My maternal grand parents came from Manchester, the poorer part. They moved down to Buckinghamshire, with Grandads job on the railway, in the early 1900's, to a 2 up 2 down terraced house which was part of a solitary row of four.
My Granny had 10 children who survived to live a long life, and one is still alive although frail, and 98yrs old.
She also had many failed pregnancies due to the fact she must have been worn out, and her husband was not very helpful.

Myself as a very young child would travel with my Mum to visit her and her daughter Dorothy, who never married and lived with Gran.
On one occasion, I think I was about 4 yrs old, she was doing her washing with her boiler, mangle and tin baths all in the kitchen, which had 2 wooden steps down to it from the back(dining)room. I would sit on the bottom step and use the top step as a table for my jam butty and glass of milk, and would watch her and Aunty 'Doll' work away.
They also had a large long haired black and white cat which I duly picked up and dropped into the tin bath containing the soapy water. All hell broke out, the cat screamed, my Aunt and Gran screamed, my Mum screamed and I think I pee'd my pants, ran up the steps and hid under the gateleg dining table. I could see Gran waiving her 'copper stick' at me and calling me all the bu**ers under the sun. There I remained for what seemed hours(it was actually a few minutes), until it was time to go home.
As I crept out I saw the biggest smile on my Grans face and she quickly broke into the most joyous laugh I think I have ever heard. She gave me a big hug and kiss. What a relief.

My Gran had the longest and most silver hair and was beautiful. My sister said it went way past her bum. She always wore it in plaits and buns, and I rarely saw it down but was always perfectly presented, as was she.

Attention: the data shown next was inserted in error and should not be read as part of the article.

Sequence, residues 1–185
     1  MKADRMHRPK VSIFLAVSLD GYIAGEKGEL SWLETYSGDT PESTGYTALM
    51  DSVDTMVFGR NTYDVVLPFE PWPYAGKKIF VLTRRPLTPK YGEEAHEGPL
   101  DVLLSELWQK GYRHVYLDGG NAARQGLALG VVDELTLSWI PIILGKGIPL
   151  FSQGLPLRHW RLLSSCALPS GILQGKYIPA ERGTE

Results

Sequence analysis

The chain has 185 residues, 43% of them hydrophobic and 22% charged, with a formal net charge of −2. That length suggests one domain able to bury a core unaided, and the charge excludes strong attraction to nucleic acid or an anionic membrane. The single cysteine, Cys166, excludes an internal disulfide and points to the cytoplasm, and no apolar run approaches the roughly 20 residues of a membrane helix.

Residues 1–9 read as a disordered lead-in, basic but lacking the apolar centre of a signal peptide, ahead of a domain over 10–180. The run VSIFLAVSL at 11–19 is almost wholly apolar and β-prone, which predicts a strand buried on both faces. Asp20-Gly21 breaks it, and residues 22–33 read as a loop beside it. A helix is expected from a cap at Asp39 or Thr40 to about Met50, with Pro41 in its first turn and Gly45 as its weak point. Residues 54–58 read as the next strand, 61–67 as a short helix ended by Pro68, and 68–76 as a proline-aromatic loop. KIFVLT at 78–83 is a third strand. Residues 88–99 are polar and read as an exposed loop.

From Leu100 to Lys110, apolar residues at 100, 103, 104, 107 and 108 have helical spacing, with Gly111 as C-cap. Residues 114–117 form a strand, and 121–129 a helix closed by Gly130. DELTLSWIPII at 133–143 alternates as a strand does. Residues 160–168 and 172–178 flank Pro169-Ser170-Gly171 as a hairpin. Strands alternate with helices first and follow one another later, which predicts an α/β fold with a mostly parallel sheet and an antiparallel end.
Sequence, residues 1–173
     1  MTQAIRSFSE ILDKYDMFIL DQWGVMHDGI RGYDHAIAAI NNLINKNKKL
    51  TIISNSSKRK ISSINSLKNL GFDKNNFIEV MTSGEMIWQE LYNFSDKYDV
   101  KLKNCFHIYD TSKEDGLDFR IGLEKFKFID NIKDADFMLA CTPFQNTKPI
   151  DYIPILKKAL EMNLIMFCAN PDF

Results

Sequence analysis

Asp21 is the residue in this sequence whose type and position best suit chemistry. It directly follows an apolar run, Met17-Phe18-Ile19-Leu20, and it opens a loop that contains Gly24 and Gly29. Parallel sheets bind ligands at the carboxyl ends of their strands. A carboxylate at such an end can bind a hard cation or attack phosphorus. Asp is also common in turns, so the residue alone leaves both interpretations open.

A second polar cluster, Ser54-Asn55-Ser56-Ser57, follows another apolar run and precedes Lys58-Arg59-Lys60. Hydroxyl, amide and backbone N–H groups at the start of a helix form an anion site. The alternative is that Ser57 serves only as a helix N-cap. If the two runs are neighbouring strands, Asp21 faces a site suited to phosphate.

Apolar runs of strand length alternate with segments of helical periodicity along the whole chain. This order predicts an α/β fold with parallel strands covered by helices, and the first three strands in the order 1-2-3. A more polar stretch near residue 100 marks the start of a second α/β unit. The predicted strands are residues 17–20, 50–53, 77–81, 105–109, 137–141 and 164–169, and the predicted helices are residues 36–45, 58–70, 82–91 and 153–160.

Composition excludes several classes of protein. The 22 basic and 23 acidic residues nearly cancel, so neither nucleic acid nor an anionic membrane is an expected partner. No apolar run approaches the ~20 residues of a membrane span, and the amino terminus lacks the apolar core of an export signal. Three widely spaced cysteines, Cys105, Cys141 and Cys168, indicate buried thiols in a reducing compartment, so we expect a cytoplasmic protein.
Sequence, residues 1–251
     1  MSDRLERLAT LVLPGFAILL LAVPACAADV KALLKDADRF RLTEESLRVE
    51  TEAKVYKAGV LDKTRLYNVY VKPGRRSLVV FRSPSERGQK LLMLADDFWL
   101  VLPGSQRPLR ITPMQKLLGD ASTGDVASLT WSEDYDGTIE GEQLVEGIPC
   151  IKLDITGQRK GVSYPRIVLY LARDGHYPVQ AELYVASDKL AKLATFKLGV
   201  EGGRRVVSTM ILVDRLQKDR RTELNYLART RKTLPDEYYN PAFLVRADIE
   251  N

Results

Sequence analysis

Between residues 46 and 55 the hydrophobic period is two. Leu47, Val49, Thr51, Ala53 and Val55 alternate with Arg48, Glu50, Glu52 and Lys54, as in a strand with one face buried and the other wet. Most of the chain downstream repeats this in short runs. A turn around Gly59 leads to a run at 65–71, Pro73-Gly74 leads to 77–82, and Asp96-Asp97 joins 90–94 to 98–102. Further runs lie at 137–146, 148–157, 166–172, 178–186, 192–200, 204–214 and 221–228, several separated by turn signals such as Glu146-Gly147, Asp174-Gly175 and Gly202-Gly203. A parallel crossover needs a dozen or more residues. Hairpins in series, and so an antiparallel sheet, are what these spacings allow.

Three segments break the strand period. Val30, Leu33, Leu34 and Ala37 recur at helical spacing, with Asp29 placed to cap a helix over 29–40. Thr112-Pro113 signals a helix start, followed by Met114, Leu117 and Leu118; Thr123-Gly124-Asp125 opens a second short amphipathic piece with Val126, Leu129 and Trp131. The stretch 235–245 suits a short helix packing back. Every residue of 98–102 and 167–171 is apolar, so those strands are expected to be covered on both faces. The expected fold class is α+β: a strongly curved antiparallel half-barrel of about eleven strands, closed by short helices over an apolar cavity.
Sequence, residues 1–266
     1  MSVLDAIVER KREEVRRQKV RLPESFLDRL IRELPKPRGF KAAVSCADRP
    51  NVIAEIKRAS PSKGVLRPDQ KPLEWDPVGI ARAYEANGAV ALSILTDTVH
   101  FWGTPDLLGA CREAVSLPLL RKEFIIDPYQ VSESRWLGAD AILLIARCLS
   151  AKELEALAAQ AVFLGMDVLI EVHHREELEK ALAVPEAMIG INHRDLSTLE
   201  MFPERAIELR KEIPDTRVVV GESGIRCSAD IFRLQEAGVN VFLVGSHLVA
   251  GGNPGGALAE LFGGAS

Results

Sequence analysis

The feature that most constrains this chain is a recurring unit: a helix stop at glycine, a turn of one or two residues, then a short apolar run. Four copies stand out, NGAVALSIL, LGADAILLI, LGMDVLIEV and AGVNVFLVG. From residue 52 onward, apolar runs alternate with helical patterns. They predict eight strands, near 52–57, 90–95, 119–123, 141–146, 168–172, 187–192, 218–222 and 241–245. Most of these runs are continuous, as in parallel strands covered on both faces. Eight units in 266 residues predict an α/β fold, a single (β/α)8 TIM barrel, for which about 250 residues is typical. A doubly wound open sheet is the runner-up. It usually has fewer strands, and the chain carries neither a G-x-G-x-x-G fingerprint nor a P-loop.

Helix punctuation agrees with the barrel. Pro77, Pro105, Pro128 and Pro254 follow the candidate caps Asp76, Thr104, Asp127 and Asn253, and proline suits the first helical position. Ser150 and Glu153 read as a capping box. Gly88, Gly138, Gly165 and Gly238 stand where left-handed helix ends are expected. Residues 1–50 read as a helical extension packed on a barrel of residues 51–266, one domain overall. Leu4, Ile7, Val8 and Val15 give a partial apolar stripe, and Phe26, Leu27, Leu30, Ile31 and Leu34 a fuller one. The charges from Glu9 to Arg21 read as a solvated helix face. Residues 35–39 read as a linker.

There is a photo of my Granny and Aunt Dolly in a crowd, taken by the local newspaper for a feature on the open market in the town centre, and it shows her bargaining with one of the fruit and veg traders.
She would always go to the market at the last minute as they packed up for the day. She would get most of fruit and veg for almost nothing, and would buy the odds and sodds that no one else would buy.
Fruit she bought in abundance, and what could not be eaten she made jams and marmalade and gave most of it away.

I could go on for hours, but my favourite memory is this.
My Granny and Aunty Doll would come over to our house every other Sunday for dinner and stay until about 6-30pm, when they would leave to catch the bus home. I would walk them down to the bus stop at the market house.
The market house stood on oak and brick piers, on stilts so to speak, and we would wait underneath for the bus to come.
On one occasion, Gran wanted a pee but there were no toilets close by. She told me to keep 'lookout' and promptly pulled down her knickers and hitched up her skirts, leaned against the brickwork and done a wee.
Not bad for a 93 yr old.
I have never stopped laughing about her, and her 'antics'.

A wonderful Granny.

Steve.:) :) :)
Great memories Steve.

My grandmother Edith remembers going on the train to visit with Rebecca/Joseph and family - although I had no idea so many children. Interested to learn more. My gfather some years told me that one of their daughters suffered from what we know as post-partum depression.
 

p.risboy

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#8
Great memories Steve.

My grandmother Edith remembers going on the train to visit with Rebecca/Joseph and family - although I had no idea so many children. Interested to learn more. My gfather some years told me that one of their daughters suffered from what we know as post-partum depression.
Yes.....I did have an aunt who had P.P.D. A very sad and tragic story to say the least. Not a story that I want to repeat though. She eventually died of Parkinsons disease, many many years later after that tragic event.:(

Steve.:)